13 than a month to get an appointment with an area mental health provider. Students who are in need of immediate assistance would not get the help they need when they need it. Merging SHS and CS conclusions According to the literature reviewed by the committee, the advantages of combining health and mental health services include improved communication between health and mental health providers; health and counseling services offered in a single location; creation of a multidisciplinary treatment team; reduced confusion for students, parents, staff, and administrators; salary savings; improved treatment planning; and singular leadership. A combined unit also may better position the university to address public health issues of particular importance to college students, such as drug and alcohol concerns and eating disorders (American College Health Association's "Considerations for Integration of Counseling and Health Services on College and University Campuses" white paper). The disadvantages include increased tension between the staff as health services and counseling services compete for resources; decreased confidentiality; differences in staff philosophy; merging diverse record and other management systems; and loss of experienced professional staff (ACHA's white paper). Some UW counseling directors indicated that merging health and counseling services records could violate IACS standards on record privacy. IACS-accredited counseling centers are to limit access to counseling records to counseling center personnel; a signed release of information must be obtained from the student before records can be shared with other individuals. While the disadvantages noted do create challenges, the committee believes those challenges can be worked through. The committee believes combining the units would provide students with more comprehensive health services, while also allowing the university to reduce its costs in providing these services. Examples of cost savings include having a single director, sharing support staff and maintaining a single physical space. Bringing the two units together in a single location would create more efficiency for students who need access to both health and mental health services, greater privacy to students, and more cost savings to maintain a central space. Students worried about the stigma of receiving mental health services may be more willing to be seen walking into a center that offers comprehensive health services than into a space that only offers counseling services. Among the findings noted in the Governor's Task Force on Campus Safety report is that coordination of care is essential for individuals who receive treatment from a multidisciplinary team. Coordinating care increases the likelihood that individuals will complete their treatment plan. The committee believes bringing these two units together will enhance the staff's ability to coordinate the physical and mental health care needs of students. 13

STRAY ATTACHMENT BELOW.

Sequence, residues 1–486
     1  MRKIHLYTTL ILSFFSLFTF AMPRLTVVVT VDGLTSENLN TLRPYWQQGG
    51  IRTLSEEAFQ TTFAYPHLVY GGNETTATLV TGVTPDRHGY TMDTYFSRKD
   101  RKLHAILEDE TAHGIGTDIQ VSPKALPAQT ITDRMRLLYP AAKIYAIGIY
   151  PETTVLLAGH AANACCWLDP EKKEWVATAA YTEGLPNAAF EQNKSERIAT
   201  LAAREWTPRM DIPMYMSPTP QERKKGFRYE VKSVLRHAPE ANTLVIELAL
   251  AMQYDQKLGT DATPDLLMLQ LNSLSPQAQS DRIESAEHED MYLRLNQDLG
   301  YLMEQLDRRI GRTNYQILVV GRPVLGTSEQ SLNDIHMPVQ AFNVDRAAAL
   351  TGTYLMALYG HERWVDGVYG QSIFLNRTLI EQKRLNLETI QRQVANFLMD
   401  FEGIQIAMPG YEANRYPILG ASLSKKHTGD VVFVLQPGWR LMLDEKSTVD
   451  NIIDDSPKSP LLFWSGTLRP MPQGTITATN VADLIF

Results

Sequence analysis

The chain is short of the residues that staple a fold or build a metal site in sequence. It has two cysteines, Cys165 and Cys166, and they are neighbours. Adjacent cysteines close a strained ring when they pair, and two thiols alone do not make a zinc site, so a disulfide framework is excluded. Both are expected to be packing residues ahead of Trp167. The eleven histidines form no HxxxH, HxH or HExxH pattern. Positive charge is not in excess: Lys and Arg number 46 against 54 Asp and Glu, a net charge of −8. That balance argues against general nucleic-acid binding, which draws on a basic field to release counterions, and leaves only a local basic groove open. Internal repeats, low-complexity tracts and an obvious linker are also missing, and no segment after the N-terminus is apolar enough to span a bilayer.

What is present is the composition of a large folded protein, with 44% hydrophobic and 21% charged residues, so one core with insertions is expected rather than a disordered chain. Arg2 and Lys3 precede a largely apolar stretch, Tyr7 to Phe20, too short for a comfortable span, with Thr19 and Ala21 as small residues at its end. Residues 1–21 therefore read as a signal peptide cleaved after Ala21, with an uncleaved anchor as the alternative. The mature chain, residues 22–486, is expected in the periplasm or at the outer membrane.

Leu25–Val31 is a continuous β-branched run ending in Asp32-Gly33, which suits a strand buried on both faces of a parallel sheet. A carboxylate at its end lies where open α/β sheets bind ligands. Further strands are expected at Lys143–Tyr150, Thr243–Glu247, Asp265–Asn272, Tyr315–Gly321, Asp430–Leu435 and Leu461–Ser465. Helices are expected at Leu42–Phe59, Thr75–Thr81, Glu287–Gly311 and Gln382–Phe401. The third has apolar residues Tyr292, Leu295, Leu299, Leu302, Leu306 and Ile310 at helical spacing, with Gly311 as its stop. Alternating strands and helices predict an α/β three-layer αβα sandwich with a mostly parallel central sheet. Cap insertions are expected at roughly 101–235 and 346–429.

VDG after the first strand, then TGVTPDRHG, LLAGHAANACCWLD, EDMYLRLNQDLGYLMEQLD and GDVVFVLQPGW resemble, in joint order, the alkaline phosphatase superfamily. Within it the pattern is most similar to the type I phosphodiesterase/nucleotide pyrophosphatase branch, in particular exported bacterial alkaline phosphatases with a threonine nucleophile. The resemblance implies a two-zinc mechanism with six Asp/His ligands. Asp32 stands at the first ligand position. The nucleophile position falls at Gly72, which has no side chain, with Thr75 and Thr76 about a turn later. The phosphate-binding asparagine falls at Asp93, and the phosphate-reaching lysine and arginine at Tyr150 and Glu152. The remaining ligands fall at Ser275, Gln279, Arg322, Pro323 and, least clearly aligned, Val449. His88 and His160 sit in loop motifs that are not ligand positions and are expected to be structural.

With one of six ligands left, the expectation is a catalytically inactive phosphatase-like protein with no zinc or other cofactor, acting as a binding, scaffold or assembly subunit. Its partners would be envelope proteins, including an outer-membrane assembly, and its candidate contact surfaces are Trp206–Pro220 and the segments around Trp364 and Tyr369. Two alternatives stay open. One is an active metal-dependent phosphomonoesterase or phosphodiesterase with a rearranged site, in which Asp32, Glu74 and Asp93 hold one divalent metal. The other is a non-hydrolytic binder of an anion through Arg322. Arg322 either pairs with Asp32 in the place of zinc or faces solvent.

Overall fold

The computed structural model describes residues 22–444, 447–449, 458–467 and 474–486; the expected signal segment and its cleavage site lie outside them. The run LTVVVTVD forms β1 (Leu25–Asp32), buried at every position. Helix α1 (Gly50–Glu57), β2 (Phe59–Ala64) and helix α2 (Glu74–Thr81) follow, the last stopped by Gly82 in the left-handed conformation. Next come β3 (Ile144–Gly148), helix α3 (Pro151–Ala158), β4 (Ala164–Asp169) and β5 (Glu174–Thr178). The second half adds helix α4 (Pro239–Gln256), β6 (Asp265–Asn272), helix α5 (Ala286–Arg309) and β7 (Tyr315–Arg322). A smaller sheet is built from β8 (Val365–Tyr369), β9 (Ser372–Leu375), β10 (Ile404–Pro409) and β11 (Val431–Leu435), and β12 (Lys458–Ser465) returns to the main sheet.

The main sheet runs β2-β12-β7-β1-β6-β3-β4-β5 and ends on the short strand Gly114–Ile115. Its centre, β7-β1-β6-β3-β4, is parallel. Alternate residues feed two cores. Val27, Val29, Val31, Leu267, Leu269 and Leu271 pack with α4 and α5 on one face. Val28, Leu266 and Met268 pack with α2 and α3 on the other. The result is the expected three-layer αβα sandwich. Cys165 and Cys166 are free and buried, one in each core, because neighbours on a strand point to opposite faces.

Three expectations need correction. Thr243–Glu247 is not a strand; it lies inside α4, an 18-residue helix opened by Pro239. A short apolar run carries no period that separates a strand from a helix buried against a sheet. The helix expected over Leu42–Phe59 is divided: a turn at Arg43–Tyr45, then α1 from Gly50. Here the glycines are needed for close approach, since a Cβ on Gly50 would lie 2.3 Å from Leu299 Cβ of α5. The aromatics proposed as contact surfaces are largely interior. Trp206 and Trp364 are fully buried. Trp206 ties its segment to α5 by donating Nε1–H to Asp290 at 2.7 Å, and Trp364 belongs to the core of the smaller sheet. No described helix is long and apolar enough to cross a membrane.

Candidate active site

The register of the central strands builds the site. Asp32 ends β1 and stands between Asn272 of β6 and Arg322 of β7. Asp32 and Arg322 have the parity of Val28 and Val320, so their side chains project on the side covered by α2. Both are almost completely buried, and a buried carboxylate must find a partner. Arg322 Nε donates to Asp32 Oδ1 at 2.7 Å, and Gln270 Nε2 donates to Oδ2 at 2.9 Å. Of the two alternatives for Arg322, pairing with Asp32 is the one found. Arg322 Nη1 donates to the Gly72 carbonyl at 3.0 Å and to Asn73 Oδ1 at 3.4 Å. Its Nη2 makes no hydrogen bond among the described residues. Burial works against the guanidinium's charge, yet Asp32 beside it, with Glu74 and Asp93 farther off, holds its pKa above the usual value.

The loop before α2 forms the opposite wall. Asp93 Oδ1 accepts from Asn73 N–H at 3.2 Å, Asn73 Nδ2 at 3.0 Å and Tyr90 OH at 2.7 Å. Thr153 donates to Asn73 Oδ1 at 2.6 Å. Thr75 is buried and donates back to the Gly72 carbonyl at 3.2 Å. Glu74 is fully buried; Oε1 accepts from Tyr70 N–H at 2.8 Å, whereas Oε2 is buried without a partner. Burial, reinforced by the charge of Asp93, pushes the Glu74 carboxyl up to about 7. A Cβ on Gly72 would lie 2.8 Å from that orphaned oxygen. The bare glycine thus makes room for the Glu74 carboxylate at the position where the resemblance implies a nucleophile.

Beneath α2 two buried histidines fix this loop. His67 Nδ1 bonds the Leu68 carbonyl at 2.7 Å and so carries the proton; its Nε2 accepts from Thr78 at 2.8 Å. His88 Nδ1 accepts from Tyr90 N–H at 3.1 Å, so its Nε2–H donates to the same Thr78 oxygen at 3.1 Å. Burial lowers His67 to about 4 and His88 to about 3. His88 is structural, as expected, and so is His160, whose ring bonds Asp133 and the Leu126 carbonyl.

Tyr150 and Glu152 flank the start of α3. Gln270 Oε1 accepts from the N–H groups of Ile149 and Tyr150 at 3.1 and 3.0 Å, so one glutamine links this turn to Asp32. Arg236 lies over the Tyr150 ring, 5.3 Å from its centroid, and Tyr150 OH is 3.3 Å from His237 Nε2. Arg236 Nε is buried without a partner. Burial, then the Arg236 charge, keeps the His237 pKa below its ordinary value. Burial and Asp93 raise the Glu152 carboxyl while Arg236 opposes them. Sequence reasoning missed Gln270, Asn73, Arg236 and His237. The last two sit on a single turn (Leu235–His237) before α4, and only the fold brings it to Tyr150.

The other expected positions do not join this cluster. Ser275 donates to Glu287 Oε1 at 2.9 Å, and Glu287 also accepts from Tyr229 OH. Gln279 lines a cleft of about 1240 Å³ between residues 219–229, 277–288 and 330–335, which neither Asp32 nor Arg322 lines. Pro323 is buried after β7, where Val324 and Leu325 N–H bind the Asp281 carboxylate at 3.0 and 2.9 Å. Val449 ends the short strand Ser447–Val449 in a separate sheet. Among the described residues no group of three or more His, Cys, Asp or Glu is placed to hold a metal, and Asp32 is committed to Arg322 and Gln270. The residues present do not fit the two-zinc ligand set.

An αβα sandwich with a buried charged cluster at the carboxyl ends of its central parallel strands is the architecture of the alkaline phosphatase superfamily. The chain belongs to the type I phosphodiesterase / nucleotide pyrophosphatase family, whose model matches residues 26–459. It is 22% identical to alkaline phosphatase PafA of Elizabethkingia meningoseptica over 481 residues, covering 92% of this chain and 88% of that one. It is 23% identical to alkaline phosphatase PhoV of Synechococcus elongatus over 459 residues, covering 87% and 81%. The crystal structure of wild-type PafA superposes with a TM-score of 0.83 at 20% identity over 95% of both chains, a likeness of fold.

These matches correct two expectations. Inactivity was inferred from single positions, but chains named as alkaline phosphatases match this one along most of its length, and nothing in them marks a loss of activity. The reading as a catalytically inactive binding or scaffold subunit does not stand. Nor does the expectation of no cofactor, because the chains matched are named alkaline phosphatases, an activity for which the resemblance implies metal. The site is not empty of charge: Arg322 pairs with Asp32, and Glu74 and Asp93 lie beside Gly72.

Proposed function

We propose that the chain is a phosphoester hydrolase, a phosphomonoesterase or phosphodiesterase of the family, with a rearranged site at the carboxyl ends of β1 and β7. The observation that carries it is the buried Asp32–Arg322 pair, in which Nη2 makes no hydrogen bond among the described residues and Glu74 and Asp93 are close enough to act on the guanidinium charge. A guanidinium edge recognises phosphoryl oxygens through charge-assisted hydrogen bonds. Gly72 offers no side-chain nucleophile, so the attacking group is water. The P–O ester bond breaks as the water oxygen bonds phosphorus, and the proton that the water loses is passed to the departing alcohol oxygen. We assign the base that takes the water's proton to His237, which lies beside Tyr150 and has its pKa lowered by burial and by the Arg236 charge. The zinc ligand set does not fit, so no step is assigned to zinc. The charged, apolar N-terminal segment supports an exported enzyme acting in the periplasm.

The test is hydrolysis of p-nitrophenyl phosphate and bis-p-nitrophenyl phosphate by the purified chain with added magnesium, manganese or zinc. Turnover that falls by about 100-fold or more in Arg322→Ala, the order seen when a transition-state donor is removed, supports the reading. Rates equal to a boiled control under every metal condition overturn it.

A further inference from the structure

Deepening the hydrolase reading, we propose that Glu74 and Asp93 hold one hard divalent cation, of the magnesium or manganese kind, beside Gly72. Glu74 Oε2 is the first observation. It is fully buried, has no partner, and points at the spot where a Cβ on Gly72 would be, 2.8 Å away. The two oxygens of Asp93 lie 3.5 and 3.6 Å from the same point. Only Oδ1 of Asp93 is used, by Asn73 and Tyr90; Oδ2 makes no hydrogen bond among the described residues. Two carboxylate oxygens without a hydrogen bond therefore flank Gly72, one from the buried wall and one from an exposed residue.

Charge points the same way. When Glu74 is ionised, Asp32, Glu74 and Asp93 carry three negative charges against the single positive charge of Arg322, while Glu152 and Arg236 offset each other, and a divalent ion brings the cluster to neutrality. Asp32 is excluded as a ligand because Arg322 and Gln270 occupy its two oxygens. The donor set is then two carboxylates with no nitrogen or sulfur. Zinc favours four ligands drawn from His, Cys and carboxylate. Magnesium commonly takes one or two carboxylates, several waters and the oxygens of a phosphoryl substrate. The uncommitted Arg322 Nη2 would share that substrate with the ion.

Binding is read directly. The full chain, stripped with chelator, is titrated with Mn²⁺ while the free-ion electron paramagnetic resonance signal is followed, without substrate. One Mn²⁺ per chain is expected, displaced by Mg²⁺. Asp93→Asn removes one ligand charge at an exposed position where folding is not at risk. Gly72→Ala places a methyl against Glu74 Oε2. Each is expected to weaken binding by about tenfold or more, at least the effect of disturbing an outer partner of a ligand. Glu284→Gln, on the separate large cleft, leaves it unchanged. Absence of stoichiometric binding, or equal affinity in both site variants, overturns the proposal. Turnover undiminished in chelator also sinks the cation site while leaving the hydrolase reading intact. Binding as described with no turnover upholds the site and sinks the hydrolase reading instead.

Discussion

14 The American College Health Association's "Considerations for Integration of Counseling and Health Services on College and University Campuses" white paper notes that students often will be more comfortable initially seeking help from a health care provider than a mental health professional. Many mental health concerns may initially present as a physical problem (i.e. panic disorder), while some mental health issues, such as depression, may be rooted in a physical problem. Still other issues such as eating disorders may need to be managed by both health and mental health professionals. Thus, the relationship between health and counseling providers is critical. The paper states that integrating counseling and health services may provide for the most holistic care to students. The committee also believes a combined health-counseling unit should become part of a university wellness center. Such a center would help students enhance their physical and mental wellbeing. Training, massage therapy and other wellness-related activities would be part of such a center. As noted earlier, meeting students health and mental health needs is critical to students' academic success and overall experience at UW-Eau Claire. An on-campus health services and counseling services staff will better meet the students' immediate health care needs, as well as help them develop healthy lifestyles and learn to navigate the complex health care system independently. The committee recommends a close review of the American College Health Association's "Considerations for Integration of Counseling and Health Services on College and University Campuses" white paper before steps are taken to combine SHS and CS. The paper provides detailed information regarding efforts to combine counseling and health services at other campuses, as well as a step-by-step guide toward implementing such a merger. The committee believes that combining Student Health Services and Counseling Services into a single unit best addresses our goals in the Centennial Plan, including but not limited to the goals of nurturing human resources and amplifying financial resources. Issues of note regarding combined SHS/CS The committee did identify several issues that it would encourage the university to address should it combine SHS/CS services. These include: Currently all students have access to SHS in the summer. Students who take summer classes pay segregated fees to support this access. Students who are not paying summer tuition still have access to SHS in the summer. The committee believes those not enrolled in summer classes should pay a user fee for those services. Students taking classes at UW-Eau Claire's Marshfield site are charged segregated fees but would have to travel a distance to make use of SHS or CS services. This needs be addressed in some way, be it a reduction in fees paid by these students or an agreement with a health provider in that community to meet their needs. 14